Following are narratives of what each person should be doing during the evolution, as well as examples of what would be written on their corresponding 3 x 5 card. Officer: The officer gets off the rig with SCBA in place. He slides a Halligan (needed for prying and smashing) in under his SCBA waist strap for hands-free transport. He must perform a quick size-up of the fire building and roof in order to plan out the best place to approach the roof. It would be a waste to travel from the rig to the building empty-handed, so he should take a roof ladder with him.
After approaching the scene, the officer can take a look around the building and pick a spot suitable for accessing the roof. Ideally, he’ll want to select the highest point over the fire. As the officer makes his size-up, the roof ladder can be used to open second-floor windows if necessary.
Behind Driver & Behind Officer: While this is going on, the person behind the officer and the person behind the driver meet in the back of the rig, SCBA-equipped and with a chopping and/or smashing tool. These tools should also be attached to their apparel in the same fashion as the officer’s tool.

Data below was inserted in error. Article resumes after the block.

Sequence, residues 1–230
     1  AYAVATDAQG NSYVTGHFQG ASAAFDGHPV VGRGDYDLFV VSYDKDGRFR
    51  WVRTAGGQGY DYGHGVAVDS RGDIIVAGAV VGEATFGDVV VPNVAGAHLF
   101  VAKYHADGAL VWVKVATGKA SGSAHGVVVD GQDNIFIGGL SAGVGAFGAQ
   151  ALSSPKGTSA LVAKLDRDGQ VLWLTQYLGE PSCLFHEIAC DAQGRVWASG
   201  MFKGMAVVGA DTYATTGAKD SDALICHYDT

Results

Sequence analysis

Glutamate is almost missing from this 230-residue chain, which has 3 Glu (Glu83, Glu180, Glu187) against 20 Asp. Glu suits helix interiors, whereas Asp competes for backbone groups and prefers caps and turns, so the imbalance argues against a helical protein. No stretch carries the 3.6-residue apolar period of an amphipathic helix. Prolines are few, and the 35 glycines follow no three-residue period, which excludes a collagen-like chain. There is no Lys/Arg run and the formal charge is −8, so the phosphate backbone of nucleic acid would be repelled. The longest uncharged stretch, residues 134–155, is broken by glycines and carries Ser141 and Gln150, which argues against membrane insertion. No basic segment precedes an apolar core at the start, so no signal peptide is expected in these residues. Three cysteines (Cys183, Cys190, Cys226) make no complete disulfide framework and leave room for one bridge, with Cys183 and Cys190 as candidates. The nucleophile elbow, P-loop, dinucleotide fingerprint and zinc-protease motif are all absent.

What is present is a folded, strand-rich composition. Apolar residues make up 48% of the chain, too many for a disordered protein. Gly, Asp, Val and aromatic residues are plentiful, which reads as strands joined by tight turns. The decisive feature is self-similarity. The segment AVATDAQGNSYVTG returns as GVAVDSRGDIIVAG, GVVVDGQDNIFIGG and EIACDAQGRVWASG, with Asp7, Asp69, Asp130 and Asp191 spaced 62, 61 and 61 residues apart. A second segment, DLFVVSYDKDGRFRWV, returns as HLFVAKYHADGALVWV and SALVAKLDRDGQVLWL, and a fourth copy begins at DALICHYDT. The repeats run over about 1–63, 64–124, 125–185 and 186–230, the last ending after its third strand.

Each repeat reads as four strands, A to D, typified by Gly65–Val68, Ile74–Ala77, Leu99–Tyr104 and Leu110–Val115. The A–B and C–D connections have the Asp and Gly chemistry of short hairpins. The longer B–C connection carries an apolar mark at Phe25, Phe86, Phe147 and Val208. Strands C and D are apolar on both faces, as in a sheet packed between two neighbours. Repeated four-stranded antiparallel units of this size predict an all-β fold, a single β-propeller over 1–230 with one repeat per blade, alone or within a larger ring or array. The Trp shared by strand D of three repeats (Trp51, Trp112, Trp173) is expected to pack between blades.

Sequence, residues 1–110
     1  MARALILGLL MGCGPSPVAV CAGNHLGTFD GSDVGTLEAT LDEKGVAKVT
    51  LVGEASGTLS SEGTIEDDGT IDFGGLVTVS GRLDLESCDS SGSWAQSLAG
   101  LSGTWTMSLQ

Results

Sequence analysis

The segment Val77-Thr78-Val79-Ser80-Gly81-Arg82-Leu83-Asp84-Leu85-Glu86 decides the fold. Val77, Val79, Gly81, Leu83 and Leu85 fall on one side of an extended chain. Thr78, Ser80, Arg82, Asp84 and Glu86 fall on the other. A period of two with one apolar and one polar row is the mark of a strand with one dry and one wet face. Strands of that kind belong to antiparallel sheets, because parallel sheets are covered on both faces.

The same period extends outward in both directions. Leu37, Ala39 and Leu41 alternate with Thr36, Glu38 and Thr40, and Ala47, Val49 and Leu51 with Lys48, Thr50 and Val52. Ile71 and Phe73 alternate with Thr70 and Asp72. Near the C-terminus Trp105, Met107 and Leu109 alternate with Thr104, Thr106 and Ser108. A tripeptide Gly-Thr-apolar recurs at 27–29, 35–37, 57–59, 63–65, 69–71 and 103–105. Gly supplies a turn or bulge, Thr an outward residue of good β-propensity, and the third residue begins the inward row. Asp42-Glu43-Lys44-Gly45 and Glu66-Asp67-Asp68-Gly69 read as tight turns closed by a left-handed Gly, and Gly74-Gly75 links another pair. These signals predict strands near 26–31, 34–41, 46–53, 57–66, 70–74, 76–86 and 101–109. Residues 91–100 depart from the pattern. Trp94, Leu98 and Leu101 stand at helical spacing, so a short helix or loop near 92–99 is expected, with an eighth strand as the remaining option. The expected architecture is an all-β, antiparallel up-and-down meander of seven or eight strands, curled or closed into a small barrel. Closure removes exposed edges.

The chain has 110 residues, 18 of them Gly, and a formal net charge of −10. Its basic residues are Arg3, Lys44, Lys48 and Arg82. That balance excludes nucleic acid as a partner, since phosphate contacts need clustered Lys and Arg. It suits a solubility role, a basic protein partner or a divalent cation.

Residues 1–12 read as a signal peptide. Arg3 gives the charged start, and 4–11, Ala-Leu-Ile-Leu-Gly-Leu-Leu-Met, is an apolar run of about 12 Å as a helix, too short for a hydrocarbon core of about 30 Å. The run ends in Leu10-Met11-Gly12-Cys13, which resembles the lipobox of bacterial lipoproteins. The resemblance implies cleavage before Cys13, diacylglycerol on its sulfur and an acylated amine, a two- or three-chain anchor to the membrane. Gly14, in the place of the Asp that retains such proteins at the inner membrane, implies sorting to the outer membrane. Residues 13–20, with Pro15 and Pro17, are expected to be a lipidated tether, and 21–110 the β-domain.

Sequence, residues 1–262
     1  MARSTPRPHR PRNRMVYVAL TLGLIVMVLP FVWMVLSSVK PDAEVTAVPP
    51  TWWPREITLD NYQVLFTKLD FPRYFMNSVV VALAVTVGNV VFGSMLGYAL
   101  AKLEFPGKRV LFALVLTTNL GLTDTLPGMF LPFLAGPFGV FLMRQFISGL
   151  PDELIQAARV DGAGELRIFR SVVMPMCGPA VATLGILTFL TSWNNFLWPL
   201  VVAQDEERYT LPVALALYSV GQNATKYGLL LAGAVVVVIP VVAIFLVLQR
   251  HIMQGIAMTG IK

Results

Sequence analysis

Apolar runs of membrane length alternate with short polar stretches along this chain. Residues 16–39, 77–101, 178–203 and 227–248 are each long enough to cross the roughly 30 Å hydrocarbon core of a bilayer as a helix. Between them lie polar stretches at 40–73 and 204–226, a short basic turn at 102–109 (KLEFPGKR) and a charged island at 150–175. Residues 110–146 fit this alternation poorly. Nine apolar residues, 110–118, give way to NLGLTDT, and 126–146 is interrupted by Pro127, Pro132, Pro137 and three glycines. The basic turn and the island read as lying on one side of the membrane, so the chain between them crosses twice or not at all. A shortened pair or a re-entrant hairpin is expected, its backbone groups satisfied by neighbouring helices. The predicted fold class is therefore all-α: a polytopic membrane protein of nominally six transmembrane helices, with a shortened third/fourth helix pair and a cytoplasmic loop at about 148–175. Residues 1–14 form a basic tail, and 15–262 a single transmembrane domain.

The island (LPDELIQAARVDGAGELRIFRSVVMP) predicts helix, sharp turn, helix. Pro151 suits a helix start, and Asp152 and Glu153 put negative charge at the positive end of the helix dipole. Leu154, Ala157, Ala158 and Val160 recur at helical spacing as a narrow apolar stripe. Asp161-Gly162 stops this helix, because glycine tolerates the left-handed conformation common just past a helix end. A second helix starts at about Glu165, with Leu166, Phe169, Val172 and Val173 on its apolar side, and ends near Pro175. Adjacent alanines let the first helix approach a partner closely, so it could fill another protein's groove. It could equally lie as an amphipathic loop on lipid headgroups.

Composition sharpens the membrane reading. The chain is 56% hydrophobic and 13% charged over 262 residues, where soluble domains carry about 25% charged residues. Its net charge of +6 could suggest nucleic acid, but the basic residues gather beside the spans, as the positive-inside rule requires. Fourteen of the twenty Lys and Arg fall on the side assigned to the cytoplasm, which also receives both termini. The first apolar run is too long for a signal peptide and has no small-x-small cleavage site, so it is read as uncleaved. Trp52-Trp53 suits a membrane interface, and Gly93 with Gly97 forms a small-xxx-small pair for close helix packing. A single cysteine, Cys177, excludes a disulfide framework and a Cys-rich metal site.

They grab a ground ladder—usually an extension ladder of the appropriate length. These two firefighters move into position at the area designated by the officer. As they approach the area where their ladder will be thrown, the butt man gradually starts to lower the butt, and the tip man anticipates the raising of the ladder. Simultaneously, the driver dons his SCBA, grabs a chainsaw and a long pike pole or other type of hook, and heads to the location of the crew (more on the driver later).
Here are the sample 3 x 5 cards for these roles: